Project description:A multiplex PCR-based method, in which two small-subunit rRNA regions are simultaneously amplified in a single reaction, was designed for parallel detection of honeybee microsporidians (Nosema apis and Nosema ceranae). Each of two pairs of primers exclusively amplified the 16S rRNA targeted gene of a specific microsporidian. The multiplex PCR assay was useful for specific detection of the two species of microsporidians related to bee nosemosis, not only in purified spores but also in honeybee homogenates and in naturally infected bees. The multiplex PCR assay was also able to detect coinfections by the two species. Screening of bee samples from Spain, Switzerland, France, and Germany using the PCR technique revealed a greater presence of N. ceranae than of N. apis in Europe, although both species are widely distributed. From the year 2000 onward, statistically significant differences have been found in the proportions of Nosema spp. spore-positive samples collected between and within years. In the first period examined (1999 to 2002), the smallest number of samples diagnosed as Nosema positive was found during the summer months, showing clear seasonality in the diagnosis, which is characteristic of N. apis. From 2003 onward a change in the tendency resulted in an increase in Nosema-positive samples in all months until 2005, when a total absence of seasonality was detected. A significant causative association between the presence of N. ceranae and hive depopulation clearly indicates that the colonization of Apis mellifera by N. ceranae is related to bee losses.
Project description:Honey bee (Apis mellifera) health has been severely impacted by multiple environmental stressors including parasitic infection, pesticide exposure, and poor nutrition. The decline in bee health is therefore a complex multifactorial problem which requires a holistic investigative approach. Within the exposome paradigm, the combined exposure to the environment, drugs, food, and individuals' internal biochemistry affects health in positive and negative ways. In the context of the exposome, honey bee hive infection with parasites such as Nosema ceranae is also a form of environmental exposure. In this study, we hypothesized that exposure to xenobiotic pesticides and other environmental chemicals increases susceptibility to N. ceranae infection upon incidental exposure to the parasite. We further queried whether these exposures could be linked to changes in conserved metabolic biological pathways. From 30 hives sampled across 10 sites, a total of 2,352 chemical features were found via gas chromatography-time of flight mass spectrometry (GC-TOF) in extracts of honey bees collected from each hive. Of these, 20 pesticides were identified and annotated, and found to be significantly associated with N. ceranae infection. We further determined that infected hives were linked to a greater number of xenobiotic exposures, and the relative concentration of the exposures were not linked to the presence of a N. ceranae infection. In the exposome profiles of the bees, we also found chemicals inherent to known biological metabolic pathways of Apis mellifera and identified 9 dysregulated pathways. These findings have led us to posit that for hives exposed to similar chemicals, those that incur multiple, simultaneous xenobiotic stressors have a greater incidence of infection with N. ceranae. Mechanistically, our results suggests the overwhelming nature of these exposures negatively affects the biological functioning of the bee, and could explain how the decline in bee populations is associated with pesticide exposures.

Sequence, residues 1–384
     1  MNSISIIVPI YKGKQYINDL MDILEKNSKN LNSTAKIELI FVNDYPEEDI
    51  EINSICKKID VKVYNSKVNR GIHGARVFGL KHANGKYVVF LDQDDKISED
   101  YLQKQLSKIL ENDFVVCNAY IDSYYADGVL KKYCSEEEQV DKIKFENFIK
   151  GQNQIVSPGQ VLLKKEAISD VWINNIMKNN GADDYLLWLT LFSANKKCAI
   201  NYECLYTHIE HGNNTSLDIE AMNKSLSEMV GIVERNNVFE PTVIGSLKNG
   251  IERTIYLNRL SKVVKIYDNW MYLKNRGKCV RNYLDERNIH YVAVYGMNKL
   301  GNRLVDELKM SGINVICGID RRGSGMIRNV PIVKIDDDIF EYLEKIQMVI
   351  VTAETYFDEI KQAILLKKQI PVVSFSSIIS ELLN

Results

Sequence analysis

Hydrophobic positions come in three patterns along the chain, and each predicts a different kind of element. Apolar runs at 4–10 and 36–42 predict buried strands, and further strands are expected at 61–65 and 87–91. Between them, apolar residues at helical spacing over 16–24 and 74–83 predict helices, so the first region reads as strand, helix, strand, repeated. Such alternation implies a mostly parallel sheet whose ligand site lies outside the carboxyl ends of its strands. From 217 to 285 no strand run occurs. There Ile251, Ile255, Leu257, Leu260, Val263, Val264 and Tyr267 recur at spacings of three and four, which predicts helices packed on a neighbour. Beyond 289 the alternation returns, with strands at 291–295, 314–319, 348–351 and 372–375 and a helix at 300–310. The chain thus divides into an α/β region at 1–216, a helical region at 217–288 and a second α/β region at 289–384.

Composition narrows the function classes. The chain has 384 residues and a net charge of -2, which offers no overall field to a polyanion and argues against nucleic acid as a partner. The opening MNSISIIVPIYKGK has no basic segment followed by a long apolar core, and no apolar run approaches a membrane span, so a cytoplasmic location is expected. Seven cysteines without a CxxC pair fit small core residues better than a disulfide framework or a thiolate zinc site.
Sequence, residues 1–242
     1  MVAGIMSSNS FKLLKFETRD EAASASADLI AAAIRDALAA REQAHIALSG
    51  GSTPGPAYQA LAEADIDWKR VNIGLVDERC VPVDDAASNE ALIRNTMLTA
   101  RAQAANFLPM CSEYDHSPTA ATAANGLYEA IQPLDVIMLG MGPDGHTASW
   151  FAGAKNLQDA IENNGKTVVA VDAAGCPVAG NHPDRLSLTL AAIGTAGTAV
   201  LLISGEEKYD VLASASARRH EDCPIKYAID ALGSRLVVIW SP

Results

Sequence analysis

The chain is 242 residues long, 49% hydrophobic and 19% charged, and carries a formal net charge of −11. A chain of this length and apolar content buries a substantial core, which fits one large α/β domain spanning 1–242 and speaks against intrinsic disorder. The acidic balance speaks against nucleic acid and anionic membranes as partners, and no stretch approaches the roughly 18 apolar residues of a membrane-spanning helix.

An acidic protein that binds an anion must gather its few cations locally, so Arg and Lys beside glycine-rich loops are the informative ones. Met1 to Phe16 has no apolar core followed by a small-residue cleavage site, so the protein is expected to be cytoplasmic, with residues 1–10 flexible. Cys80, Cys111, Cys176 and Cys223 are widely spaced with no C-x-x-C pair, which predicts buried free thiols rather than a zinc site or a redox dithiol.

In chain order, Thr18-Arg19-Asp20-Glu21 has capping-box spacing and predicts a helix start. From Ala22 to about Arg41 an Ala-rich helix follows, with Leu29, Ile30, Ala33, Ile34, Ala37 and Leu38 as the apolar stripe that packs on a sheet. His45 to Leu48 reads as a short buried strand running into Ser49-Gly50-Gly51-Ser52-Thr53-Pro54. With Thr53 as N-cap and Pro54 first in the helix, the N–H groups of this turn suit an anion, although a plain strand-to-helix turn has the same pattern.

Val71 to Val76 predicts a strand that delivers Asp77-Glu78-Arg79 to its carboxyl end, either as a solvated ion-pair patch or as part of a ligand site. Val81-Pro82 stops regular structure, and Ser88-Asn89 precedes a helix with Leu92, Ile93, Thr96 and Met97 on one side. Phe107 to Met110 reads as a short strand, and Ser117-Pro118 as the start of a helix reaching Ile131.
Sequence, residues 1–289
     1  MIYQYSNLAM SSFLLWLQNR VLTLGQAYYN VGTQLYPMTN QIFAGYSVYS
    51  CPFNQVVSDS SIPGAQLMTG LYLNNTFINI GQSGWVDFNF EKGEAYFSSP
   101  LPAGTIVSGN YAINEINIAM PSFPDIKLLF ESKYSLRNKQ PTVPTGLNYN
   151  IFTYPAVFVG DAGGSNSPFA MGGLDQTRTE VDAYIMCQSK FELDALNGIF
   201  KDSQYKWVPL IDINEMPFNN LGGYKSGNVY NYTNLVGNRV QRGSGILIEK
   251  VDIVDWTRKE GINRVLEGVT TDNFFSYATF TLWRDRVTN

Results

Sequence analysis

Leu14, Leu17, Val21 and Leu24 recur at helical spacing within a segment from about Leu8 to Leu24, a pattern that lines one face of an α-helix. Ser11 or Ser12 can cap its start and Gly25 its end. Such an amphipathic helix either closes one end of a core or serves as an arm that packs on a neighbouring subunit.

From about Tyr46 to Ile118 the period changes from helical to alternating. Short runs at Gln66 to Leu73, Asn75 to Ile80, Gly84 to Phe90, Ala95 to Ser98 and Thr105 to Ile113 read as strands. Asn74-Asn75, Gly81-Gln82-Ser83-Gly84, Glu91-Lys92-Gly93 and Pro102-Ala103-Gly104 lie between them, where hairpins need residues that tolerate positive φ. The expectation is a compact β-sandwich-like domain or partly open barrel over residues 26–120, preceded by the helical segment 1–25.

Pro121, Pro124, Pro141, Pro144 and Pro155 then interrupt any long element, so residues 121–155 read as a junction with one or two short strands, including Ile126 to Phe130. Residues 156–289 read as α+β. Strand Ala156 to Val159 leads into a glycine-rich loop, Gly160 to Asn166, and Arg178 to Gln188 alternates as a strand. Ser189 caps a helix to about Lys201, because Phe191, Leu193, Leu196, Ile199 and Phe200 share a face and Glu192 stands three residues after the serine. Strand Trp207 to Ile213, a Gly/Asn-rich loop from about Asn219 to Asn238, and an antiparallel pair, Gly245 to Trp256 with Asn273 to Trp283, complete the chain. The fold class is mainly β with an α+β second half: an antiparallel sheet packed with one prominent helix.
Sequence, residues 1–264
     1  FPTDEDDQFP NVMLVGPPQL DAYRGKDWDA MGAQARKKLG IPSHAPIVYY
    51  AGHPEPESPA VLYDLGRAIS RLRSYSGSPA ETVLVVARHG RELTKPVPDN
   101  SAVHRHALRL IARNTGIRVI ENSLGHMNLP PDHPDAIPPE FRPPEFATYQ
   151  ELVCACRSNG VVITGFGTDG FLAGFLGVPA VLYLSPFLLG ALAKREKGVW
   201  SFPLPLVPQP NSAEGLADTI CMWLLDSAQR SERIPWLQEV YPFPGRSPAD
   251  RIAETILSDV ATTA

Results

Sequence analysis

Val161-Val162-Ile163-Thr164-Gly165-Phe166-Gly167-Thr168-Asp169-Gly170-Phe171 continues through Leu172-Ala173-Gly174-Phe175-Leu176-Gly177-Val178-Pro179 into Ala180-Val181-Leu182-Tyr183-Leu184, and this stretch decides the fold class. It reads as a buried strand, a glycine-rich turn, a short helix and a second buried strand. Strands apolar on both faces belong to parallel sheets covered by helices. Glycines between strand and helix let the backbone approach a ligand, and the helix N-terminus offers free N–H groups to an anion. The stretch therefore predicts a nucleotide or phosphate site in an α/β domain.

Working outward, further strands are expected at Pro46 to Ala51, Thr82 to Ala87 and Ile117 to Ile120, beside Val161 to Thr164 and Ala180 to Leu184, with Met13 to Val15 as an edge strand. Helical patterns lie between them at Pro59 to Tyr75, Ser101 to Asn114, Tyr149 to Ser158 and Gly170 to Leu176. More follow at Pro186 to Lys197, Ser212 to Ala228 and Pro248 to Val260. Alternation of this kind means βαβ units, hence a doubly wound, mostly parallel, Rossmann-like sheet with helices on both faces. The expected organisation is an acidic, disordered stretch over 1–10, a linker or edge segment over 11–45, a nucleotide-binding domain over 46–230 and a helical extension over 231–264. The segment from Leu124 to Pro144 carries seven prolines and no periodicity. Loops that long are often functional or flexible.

Project description:Nosemosis caused by the microsporidia Nosema apis and Nosema ceranae are among the most common pathologies affecting adult honey bees. N. apis infection has been associated with a reduced lifespan of infected bees and increased winter mortality, and its negative impact on colony strength and productivity has been described in several studies. By contrast, when the effects of nosemosis type C, caused by N. ceranae infection, have been analysed at the colony level, these studies have largely focused on collapse as a response to infection without addressing the potential sub-clinical effects on colony strength and productivity. Given the spread and prevalence of N. ceranae worldwide, we set out here to characterize the sub-clinical and clinical signs of N. ceranae infection on colony strength and productivity. We evaluated the evolution of 50 honey bee colonies naturally infected by Nosema (mainly N. ceranae) over a one year period. Under our experimental conditions, N. ceranae infection was highly pathogenic for honey bee colonies, producing significant reductions in colony size, brood rearing and honey production. These deleterious effects at the colony level may affect beekeeping profitability and have serious consequences on pollination. Further research is necessary to identify possible treatments or beekeeping techniques that will limit the rapid spread of this dangerous emerging disease.